MGySgt Valdez, NCOIC of Saigon, Vietnam
MGySgt Valdez, NCOIC of Saigon, Vietnam

MGySgt Valdez's Speech

It is a special privilege and a deeply moving and emotional experience to stand before the parents, relatives, and friends of Lance Corporal Judge(and Corporal McMahon), and to honor the memory of these two Marines on the 25th anniversary of the Fall of Saigon and the end of the Vietnam War.

As I considered what I would say today, memories go back 25 years ago, April 1975. A painful reminder of what took place, chaos, panic, desperate crowds, tears and expressions of pain and fear, the death of two of our own, contemplating the inevitable fate when forgotten momentarily on the Embassy Roof and Finally the tragic end which would change our lives and American history. Everything happens so quickly. I do not propose to impose my views on the Fall of Saigon or the Vietnam War. Events which cover a ten year period, as well as inexplicable political and military mistakes, has already made their mark in history through scores of books, magazine and newspaper articles, motion pictures and television documentaries. We will continue to be reminded of war that will not go away.

Coming here to honor two fallen comrades has allowed me, and those marines who knew and served with Lance Corporal Judge and Corporal McMahon, to take an experience that was so destructive, and make something constructive out of it.

I stand before you with mixed feelings and pray that by my presence here I can make peace with the past, and the parents of Judge (and McMahon). Aside from a welcome aboard letter in April 1975, which I addressed to the parents of these two fine Marines when they arrived in Saigon, I have had no contact with the families until this special occasion. For this I’m deeply ashamed and sorry, and sincerely offer my belated condolence. For a period I went though survivor guilt, “Why wasn’t it me instead? Why did I, who had been in country longer, and had already served a previous tour in Vietnam, lived and these two men died?” There were, and still are, no easy answers. To blame god, as most people do when loved ones suffer tragedy or injustice, is wrong. Instead we should look up to him, who gives us life and receives us when our life is over, to give us strength to face and to endure our enormous loss and the wisdom to rise above our grief, and find ample thanksgiving for the life’s of Judge and McMahon.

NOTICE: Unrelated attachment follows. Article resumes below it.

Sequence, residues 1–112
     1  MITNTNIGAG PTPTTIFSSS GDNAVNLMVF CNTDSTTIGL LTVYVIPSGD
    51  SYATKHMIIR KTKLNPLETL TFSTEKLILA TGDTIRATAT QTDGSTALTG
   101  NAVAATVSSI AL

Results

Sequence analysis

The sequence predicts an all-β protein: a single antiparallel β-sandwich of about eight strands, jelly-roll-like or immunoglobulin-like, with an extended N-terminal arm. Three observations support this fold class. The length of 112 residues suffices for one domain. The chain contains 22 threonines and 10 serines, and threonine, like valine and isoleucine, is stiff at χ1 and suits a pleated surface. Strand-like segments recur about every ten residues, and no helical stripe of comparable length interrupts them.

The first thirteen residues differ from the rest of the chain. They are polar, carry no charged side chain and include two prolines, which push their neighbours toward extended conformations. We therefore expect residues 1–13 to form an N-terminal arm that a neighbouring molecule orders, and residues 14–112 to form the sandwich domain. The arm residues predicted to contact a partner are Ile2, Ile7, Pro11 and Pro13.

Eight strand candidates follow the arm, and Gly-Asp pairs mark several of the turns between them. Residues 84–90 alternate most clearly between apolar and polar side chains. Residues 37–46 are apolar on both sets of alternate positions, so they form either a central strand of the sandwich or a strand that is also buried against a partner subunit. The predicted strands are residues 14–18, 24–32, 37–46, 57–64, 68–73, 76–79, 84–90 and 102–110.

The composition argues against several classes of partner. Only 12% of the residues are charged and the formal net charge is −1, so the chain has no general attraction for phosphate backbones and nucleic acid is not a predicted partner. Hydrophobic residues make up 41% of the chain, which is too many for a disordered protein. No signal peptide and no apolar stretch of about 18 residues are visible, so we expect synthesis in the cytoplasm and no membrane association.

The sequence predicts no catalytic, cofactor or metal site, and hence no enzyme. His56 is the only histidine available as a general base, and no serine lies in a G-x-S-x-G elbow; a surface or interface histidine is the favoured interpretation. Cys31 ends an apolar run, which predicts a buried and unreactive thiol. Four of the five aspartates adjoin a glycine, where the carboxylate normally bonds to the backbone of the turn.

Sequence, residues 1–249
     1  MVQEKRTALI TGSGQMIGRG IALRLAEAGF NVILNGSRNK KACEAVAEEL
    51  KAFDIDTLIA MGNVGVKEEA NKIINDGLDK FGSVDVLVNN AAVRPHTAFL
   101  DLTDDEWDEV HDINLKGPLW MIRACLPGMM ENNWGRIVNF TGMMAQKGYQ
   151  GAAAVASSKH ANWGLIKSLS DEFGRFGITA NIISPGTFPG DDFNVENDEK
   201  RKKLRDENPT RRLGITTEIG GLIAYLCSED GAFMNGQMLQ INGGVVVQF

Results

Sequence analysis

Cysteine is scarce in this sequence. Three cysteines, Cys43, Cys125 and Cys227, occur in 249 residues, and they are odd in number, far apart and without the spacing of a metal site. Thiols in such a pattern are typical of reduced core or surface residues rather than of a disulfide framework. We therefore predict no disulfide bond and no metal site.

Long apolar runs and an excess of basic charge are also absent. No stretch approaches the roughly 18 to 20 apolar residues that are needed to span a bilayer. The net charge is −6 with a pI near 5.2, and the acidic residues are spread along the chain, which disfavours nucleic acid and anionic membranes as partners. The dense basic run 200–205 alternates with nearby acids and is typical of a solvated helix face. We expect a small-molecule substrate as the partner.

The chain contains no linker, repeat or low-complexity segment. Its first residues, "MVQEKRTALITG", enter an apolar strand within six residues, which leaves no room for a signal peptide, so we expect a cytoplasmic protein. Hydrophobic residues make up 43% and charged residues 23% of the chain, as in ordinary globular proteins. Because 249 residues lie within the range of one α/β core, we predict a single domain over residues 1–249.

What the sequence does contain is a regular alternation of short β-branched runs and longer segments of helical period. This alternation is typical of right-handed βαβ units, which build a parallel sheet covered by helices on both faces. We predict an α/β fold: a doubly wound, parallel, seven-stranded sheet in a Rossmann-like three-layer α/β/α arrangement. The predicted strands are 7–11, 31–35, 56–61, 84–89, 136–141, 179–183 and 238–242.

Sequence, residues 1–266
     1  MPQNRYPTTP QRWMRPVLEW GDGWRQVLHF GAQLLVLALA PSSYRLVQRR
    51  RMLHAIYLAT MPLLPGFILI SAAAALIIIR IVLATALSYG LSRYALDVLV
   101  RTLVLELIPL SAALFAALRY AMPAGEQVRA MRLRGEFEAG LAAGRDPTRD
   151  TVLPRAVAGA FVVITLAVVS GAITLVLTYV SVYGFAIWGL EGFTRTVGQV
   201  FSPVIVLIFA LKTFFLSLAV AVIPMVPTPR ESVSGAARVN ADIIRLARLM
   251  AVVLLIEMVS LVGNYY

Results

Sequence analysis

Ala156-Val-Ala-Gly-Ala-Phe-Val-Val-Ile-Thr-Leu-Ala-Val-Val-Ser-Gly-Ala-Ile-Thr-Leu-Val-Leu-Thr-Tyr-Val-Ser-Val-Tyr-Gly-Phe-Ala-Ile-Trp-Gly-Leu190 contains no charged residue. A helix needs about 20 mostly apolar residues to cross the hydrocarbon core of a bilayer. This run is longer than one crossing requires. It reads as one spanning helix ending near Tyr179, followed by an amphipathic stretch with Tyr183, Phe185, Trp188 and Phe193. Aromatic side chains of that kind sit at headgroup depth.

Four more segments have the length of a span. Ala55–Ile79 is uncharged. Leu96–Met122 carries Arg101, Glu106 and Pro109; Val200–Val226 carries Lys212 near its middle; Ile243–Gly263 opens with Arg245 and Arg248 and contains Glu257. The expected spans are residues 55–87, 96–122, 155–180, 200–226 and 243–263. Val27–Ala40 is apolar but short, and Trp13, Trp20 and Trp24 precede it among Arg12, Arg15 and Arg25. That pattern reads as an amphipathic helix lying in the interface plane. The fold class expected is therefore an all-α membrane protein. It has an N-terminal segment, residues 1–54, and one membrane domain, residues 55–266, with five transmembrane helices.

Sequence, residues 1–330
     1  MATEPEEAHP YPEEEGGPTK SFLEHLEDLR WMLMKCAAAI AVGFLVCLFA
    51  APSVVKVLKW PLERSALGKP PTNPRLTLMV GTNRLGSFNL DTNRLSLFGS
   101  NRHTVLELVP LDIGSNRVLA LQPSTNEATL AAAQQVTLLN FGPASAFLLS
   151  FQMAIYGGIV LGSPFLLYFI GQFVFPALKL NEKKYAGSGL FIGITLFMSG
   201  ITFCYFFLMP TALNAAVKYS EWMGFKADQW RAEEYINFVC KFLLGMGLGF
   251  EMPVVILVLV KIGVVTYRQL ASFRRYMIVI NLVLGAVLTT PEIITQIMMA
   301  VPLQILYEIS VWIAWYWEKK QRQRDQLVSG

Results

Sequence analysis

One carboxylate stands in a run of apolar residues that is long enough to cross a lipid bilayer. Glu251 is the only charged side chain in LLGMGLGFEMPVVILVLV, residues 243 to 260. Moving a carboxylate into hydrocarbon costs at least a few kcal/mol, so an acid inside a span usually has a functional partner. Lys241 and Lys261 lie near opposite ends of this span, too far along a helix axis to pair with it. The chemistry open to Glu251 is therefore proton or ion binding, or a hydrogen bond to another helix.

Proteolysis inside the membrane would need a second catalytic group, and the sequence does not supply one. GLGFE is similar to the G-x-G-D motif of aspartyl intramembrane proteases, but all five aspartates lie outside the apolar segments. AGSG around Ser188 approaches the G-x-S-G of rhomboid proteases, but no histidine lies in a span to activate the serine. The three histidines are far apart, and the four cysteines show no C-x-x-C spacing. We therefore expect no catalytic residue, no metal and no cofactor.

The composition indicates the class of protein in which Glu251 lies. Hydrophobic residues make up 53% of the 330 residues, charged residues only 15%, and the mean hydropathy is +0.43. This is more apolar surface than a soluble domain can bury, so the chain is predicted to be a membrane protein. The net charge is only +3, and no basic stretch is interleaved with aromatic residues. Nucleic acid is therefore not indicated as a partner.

It’s good to be together. At such a time the various faiths which sustain us separately come together in a harmony which acts across all creeds and assures us of the permanence of goodness. The inspiration of dedication, the value of serviceable human life. More than anything else we need one another right now. Each of us grieves, and when we grieve together, the healing begins. Just by being here each of us gives comfort to everyone else. If only for this hour, this day, we are joined in a compassionate family. At a time like this words frequently fall short of what we really want to say. Yet we find ourselves trying to express not just our grief, but also our joyful feelings for Judge and McMahon. Some of us only knew or remember a small portion of their world, but for a short time our lives were intertwined with theirs. There are certain qualities of their lives that will never die.

We know and accept, as best we can, the fact that death must and will come inevitably, to each and every one. Death, we know, has several faces. It claims the unborn, the young, the aged or the ill. However when death comes to one in the fullness of life, it is not easy to accept, for we not only measure the greatness our loss, but we think of what might have been for Judge and McMahon, and for us, had not death come like a thief in the night.

Finally, let us pause:

  • To gather our individual feelings and thoughts,
  • To remember two men who touched and filled our lives,
  • To meditate upon the meaning of this occasion,
  • To say our private farewell,
  • And to show our love and support for the families, relatives, and friends of Judge and McMahon.

Let us remember; a human life is sacred in its being born, in its living, and in its dying.

In closing, I wish to publicly thank the De Moines I & I Staff, CO “E”, 2nd BN, 24th Marines for their support. I also wish to thank Doug Portaz, Ken Locke, and others who organized this memorial services and allowed me, and members of the Saigon Detachment and the Marine Security Guard Battalion, the opportunity to honor the real heroes who paid the supreme sacrifice for our country and corps. God be with Judge and McMahon.

(April 29, 2000)